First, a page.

Language selection


Going overseas

Heroes Remember

Well after I graduated or, or finished my training, I expected to stay at this depot, but instead I got transferred to Rockcliff, the airbase at Rockcliff, which is still in Ottawa, of course. Into barracks, back into the real air force life again, and I reported in there. There was no instrument section as such, because as I said, the air frame people did all the instrument work. So I was assigned to the workshops, and again, good training because I learned a bit of machining and everything that went with it. They, they just hadn't really accepted the instrument mechanic as a required trade in the air force. It was developed, you know, with the squadrons that were, were going overseas. It was an instrument section and a requirement to maintain the instruments and take them out and replace them whenever, so on. And that's when it first started to evolve - the instrument trade, was a real ground trade that required some attention. I stayed there about, I got transferred there, I think was in about April, or March. Just prior to going to it, I had a supplementary course on the Sperry auto pilot, which was an indication that I had done well on my instrument training course. They had selected me for this one week training program on the Sperry auto pilot, which was quite a feather in my cap, I think and it gave me a lot more, sort of confidence in the trade. But as I said when I got to Rockcliff, there wasn't an instrument section, there wasn't a requirement so, I just spent my time in the workshops. I got there, I think it was March. But only stayed, I was only there three, three months, quite reasonably happy, but on May the 10th, I still remember the day I was called in to the orderly room, and he said, "AC-1 Snell, you're transferred overseas." And I said, you know, the usual question is, "When?" They said, "Well, ten days time, in the meantime you're CB'd," which is confined to barracks. I had no opportunity to go home on leave. I had been home on leave right after my course in Calgary in January, but I had no opportunity to go home as they had, later had any leave. And for the next ten days it was being equipped with uniforms and kit to go overseas. And things moved very, very quickly, ten days went by. I was, went over from Rockcliff, with a unit to supplement the group of people that were supplementing the squadron that was already over there, 110 squadron had already gone over, about February they went over. But they were short of people, different trades, and there were about fifty of us in this group, that were going to join 110 squadron, which was the first squadron that went overseas.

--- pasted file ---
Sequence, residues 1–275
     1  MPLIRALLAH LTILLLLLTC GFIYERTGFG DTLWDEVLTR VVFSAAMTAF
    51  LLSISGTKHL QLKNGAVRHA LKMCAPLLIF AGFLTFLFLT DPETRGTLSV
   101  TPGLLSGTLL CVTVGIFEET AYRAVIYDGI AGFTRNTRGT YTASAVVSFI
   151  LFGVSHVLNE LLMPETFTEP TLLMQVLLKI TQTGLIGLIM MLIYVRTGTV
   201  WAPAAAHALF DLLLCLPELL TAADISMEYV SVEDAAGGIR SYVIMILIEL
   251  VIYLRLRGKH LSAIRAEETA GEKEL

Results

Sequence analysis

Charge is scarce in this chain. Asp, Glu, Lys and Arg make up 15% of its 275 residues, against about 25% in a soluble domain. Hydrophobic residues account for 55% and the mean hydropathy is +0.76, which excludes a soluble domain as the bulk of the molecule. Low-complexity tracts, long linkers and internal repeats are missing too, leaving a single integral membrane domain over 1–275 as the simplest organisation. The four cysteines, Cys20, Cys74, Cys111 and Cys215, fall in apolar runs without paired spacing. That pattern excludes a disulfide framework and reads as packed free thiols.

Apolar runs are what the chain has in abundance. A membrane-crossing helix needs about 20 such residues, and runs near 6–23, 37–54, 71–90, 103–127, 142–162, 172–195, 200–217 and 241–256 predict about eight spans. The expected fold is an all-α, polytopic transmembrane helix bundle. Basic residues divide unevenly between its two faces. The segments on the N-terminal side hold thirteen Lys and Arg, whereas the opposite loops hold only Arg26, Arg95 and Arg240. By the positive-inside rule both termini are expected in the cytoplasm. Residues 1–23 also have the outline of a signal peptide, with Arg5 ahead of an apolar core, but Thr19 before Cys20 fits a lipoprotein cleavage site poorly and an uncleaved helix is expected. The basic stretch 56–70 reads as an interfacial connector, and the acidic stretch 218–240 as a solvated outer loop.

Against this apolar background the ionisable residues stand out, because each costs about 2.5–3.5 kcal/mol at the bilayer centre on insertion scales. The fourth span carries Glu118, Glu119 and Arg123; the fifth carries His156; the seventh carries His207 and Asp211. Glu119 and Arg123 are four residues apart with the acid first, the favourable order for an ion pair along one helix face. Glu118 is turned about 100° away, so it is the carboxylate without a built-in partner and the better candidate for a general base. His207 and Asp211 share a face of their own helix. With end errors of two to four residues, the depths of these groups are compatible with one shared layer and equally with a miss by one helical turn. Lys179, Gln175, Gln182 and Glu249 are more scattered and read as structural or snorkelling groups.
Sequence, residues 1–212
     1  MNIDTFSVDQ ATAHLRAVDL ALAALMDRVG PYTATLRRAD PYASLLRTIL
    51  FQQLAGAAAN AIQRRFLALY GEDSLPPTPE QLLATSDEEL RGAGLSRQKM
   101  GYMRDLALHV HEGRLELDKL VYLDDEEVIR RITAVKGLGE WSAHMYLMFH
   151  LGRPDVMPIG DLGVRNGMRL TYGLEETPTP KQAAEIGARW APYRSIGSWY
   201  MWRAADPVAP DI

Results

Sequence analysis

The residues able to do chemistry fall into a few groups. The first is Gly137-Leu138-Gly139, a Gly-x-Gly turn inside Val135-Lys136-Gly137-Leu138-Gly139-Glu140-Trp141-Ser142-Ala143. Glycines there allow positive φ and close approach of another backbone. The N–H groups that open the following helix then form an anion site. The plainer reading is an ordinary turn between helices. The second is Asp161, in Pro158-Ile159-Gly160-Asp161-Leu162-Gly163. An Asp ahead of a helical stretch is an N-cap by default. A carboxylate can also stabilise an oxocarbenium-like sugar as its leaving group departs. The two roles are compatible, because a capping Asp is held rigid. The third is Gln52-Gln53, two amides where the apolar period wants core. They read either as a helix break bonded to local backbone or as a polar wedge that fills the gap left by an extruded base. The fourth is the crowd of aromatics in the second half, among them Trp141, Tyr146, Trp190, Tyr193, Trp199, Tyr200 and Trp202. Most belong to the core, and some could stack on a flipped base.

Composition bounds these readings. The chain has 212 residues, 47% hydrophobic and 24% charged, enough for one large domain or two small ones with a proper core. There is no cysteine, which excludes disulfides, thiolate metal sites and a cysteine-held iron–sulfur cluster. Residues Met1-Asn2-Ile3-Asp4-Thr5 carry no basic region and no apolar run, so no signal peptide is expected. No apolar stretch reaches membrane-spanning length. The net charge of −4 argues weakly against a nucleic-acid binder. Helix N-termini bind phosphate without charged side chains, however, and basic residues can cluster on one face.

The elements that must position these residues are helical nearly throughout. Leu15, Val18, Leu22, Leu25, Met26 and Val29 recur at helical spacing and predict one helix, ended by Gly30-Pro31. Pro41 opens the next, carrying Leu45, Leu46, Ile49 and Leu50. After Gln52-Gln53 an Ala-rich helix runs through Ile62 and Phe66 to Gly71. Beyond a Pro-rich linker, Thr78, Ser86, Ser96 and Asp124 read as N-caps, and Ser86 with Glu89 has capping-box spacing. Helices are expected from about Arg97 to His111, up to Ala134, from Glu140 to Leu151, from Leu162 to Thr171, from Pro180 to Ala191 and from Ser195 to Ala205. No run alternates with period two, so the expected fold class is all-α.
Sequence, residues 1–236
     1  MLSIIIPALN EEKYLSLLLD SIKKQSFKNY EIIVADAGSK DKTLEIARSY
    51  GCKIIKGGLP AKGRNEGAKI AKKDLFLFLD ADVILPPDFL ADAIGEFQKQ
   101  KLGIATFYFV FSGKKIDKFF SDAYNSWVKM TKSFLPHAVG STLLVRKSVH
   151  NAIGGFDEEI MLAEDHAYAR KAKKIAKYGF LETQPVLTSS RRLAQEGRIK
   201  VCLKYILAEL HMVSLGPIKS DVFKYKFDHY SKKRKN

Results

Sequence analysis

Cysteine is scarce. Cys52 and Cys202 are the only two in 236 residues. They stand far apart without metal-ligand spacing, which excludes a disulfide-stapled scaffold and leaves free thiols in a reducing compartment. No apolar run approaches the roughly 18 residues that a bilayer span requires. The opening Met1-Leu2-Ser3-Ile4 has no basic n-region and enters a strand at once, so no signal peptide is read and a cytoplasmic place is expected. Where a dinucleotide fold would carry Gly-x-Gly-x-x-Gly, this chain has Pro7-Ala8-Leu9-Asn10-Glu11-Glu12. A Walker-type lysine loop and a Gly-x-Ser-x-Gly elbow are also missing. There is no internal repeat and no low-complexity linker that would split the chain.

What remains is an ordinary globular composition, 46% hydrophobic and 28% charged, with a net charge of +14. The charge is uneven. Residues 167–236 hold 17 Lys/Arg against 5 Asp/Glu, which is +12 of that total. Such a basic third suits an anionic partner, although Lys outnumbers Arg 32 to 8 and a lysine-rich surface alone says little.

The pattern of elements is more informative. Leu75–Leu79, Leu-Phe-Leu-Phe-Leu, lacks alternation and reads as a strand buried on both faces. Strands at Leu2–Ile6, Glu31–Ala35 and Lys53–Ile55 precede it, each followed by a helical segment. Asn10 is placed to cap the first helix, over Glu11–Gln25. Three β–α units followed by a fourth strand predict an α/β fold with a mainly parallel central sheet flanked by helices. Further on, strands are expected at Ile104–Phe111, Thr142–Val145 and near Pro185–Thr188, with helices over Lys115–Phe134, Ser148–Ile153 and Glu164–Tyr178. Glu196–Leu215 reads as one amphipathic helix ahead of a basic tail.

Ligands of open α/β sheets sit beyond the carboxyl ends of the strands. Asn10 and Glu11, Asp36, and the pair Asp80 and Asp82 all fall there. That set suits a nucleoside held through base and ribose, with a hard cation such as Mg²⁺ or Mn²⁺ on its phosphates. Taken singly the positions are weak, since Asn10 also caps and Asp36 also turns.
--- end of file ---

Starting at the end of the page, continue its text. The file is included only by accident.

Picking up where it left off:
Mr. Snell talks about going to the airbase in Rockcliff, and within three months being shipped overseas to England.

John “Jock” Snell

John Snell was born in Calgary, in April 1920. He was the middle child of three, having an older sister and a younger brother. Mr. Snell's family lived through the depression where they survived on $85.00 a month, which had to support their family of five. After struggling as a farmer Snell's father took a job as a milkman. Mr. Snell remembers helping his father on the milk route on Saturday's so his father could join his friends in a game of cricket. Mr. Snell dropped out of school only months before finishing and pursued a career as a radio repair technician, which little to his knowledge would pave the way for his career as an instrument mechanic in the air force. He quickly rose through the ranks of the air force and at the age of twenty he became a commanding officer in charge of over thirty five men. Mr. Snell retired from the air force in December 1969, with just over 30 years of service.

Meta Data
Veterans Affairs Canada
Person Interviewed:
John “Jock” Snell
War, Conflict or Mission:
Second World War
Battle of Britain
Air Force
110 Squadron Royal Canadian Air Force
Instrument Mechanic

Copyright / Permission to Reproduce

Related Videos

Date modified: